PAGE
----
Friday, November 7, 2014

Rachael Ray's 'Week in a Day': It's a keeper

     As promised, having taken a stack of cookbooks from the library (the lovely library ladies and the lone library guy are no doubt wondering what kind of shindig I'm planning and where their invitations are) I have some results from playing around with Week in a Day. While there are some recipes I won't do (veal, lamb, mussels) they are easily tweaked for picky people like me.

     My only real issue is that this book isn't very vegetarian friendly. I am the only (mostly) vegetarian person in my household, and I still eat poultry and fish on occasion (case in point, my mango shrimp curry); however, my husband and the minions are perfectly happy with eating meat only two or three times a week. Better for them, better for the environment, everyone is happy, especially the innocent piggy lives saved by us not scarfing down cider- and honey-glazed pork roast with pears, parsnips and potatoes every couple of days. (Josh would if I let him. Seriously.)

     I ended up choosing her Week 9 menu, "One For All" (pgs 64-70) because it was one of the very few that didn't have meat four of the five days planned. My kitchen was a disaster, and I HATE washing dishes, but as the point of the book is to do a week's worth of cooking in a day....the result? I think I'll just do them night by night.

Dish 1: Hearty and Healthy 3 Bean Minestrone
Dish 2: Smoky Spanish Hunter's Chicken
Dish 3: Spicy Roasted Tomato Marinara with Spaghetti Squash
Dish 4: Mexican-Style Pesto with Whole Grain Pasta
Dish 5: Eggplant Parm Stacks

     So.....I made changes to the minestrone, such as bacon for prosciutto, homemade turkey stock for the parm-herb she suggests you make, and spinach for escarole. This one takes a little advanced planning, because you need to roast the garlic and tomatoes first, but if you remember and do it earlier in the day you won't be scrambling to get dinner on the table. Very good, but a little spicy for me. My husband and seventeen year old plowed through three bowls each.

     The chicken: next time I'll use chicken breast, because thighs are just too fatty for my mostly-vegetarian preferences. (shudder) Again, you need roasted tomatoes (I read ahead and roasted extra the night before. Very proud of myself for that) Again, chicken broth for the parm-herb, and I substituted Monterey Jack for Manchego in the polenta. This one was very well-met, even by my seventeen year old, who despite the gross-out factor of the mushrooms, asked me to copy it into his cookbook.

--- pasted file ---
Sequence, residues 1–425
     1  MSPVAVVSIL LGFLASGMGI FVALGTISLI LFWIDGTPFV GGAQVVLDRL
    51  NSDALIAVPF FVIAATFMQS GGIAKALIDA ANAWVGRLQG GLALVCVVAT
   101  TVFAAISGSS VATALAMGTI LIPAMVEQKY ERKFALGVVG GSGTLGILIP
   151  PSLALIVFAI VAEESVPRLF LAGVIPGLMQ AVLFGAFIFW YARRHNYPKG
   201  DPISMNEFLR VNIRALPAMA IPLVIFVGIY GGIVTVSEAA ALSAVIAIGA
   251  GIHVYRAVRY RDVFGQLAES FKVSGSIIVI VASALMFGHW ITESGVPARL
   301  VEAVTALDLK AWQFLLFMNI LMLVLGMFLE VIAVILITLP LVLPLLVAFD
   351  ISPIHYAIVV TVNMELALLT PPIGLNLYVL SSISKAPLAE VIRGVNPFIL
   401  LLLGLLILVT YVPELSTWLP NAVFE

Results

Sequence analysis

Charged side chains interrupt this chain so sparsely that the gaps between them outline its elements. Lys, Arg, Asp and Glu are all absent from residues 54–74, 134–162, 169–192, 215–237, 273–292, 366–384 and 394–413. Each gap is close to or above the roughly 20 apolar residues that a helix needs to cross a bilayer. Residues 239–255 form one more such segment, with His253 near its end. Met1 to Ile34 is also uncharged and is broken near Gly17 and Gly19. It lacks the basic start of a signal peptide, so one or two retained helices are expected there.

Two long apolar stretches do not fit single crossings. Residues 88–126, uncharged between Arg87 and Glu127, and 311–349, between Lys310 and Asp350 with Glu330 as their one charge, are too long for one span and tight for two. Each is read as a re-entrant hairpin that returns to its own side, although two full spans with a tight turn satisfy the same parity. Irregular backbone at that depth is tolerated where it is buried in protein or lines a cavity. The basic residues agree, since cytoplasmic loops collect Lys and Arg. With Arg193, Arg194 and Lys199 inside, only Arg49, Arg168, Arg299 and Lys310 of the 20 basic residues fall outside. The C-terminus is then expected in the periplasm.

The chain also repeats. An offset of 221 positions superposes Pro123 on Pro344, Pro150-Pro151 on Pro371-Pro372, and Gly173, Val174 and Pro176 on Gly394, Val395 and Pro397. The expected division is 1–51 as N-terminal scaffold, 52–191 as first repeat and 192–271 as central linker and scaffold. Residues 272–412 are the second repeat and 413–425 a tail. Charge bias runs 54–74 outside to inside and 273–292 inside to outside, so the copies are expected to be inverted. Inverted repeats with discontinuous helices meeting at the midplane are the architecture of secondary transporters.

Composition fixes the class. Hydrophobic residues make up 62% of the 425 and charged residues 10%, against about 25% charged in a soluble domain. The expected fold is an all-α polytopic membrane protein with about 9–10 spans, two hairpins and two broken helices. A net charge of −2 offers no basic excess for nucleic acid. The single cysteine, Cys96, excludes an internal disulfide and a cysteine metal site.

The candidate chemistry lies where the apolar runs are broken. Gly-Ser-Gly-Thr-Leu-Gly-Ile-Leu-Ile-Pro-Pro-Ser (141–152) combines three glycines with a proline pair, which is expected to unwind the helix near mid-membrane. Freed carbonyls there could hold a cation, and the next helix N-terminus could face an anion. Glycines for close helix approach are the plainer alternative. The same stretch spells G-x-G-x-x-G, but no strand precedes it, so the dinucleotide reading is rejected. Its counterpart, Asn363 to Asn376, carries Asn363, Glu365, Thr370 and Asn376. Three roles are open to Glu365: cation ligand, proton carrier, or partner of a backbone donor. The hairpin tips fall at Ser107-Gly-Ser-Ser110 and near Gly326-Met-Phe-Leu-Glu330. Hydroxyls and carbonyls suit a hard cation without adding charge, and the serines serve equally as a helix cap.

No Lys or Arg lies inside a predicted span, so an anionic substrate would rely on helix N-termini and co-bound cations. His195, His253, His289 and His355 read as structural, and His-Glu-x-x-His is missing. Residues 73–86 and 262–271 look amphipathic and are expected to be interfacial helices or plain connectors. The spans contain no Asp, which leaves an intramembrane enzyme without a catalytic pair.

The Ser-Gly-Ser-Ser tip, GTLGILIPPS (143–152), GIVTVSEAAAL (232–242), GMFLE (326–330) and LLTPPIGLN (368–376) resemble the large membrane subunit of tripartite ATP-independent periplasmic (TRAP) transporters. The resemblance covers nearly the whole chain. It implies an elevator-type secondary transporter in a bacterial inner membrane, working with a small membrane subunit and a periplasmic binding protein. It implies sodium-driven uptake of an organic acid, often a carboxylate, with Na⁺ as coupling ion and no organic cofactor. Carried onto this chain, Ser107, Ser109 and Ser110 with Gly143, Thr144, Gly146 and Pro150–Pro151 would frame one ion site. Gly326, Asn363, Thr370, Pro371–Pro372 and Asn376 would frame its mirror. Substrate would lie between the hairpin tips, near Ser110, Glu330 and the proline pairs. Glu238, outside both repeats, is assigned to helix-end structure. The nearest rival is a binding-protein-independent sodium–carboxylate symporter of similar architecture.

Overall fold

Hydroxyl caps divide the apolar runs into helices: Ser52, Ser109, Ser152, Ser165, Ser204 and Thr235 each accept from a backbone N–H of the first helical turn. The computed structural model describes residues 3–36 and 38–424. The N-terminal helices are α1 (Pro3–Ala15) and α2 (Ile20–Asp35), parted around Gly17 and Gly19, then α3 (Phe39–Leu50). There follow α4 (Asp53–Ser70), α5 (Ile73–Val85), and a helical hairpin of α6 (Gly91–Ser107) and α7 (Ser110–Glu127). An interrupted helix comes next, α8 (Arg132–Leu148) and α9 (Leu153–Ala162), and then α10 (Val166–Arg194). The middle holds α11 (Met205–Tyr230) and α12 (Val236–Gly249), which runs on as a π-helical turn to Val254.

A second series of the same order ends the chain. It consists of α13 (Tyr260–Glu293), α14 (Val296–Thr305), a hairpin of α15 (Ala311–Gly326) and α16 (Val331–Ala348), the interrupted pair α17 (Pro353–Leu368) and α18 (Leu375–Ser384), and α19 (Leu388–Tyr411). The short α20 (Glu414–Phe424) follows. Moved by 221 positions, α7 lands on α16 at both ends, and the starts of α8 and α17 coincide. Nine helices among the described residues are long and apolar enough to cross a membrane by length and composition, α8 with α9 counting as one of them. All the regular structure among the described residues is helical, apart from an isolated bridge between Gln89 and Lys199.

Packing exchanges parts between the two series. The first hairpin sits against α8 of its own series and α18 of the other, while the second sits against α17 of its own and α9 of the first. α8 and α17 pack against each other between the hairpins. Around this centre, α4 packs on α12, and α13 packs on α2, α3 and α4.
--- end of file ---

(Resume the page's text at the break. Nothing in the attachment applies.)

Spaghetti squash: so easy, so yummy, so skipped the anchovies (ew). The sauce you make ahead, while doing all the other stuff; the squash you roast the day you're going to serve it. I didn't bother putting the squash back in the shells after tossing it with the sauce. I'm a mom, not a gourmet.

     Mexican-style pesto? Not so much. We are a household of pesto fans: I put it on pasta, chicken, garlic bread, stir it into potato soup...maybe we're just biased. But the cilantro-lime-arugula-cumin flavors on pasta just didn't do it for us. That's taco stuff, and we LOVE our tacos!

     The eggplant was luscious (I just love eggplant parm!), and I've made R. Ray's baked eggplant parm many times before, and will most likely continue to. Fried eggplant parm isn't something I should indulge in too often. (But, ohhh, was this GOOD!)

     So, as I said, rather than making everything up in one afternoon, I'll probably follow her day-to-day instructions instead. I'll definitely plan ahead as far as making up special ingredients in advance (roasted tomatoes, for example), but really, as I'm a work-from-home mom, I don't have to worry about pre-made meals so much. (Though frozen meant-for-slow cooker meals are always a fabulous idea no matter who you are.) I'm planning on purchasing this cookbook, mostly for the recipes in it, but I'll be mixing things up, because there's no way I'm serving heavy meat dishes four days a week. Anyway, I hope this personal review from a not-professional cook and reviewer was helpful to you. Check out R. Ray's Week in a Day yourself, and see what you think.

     Next up: recipes from Laurie David's The Family Cooks, which I'll be making this coming week. I'll try to post day by day, but you really may just get another overview.

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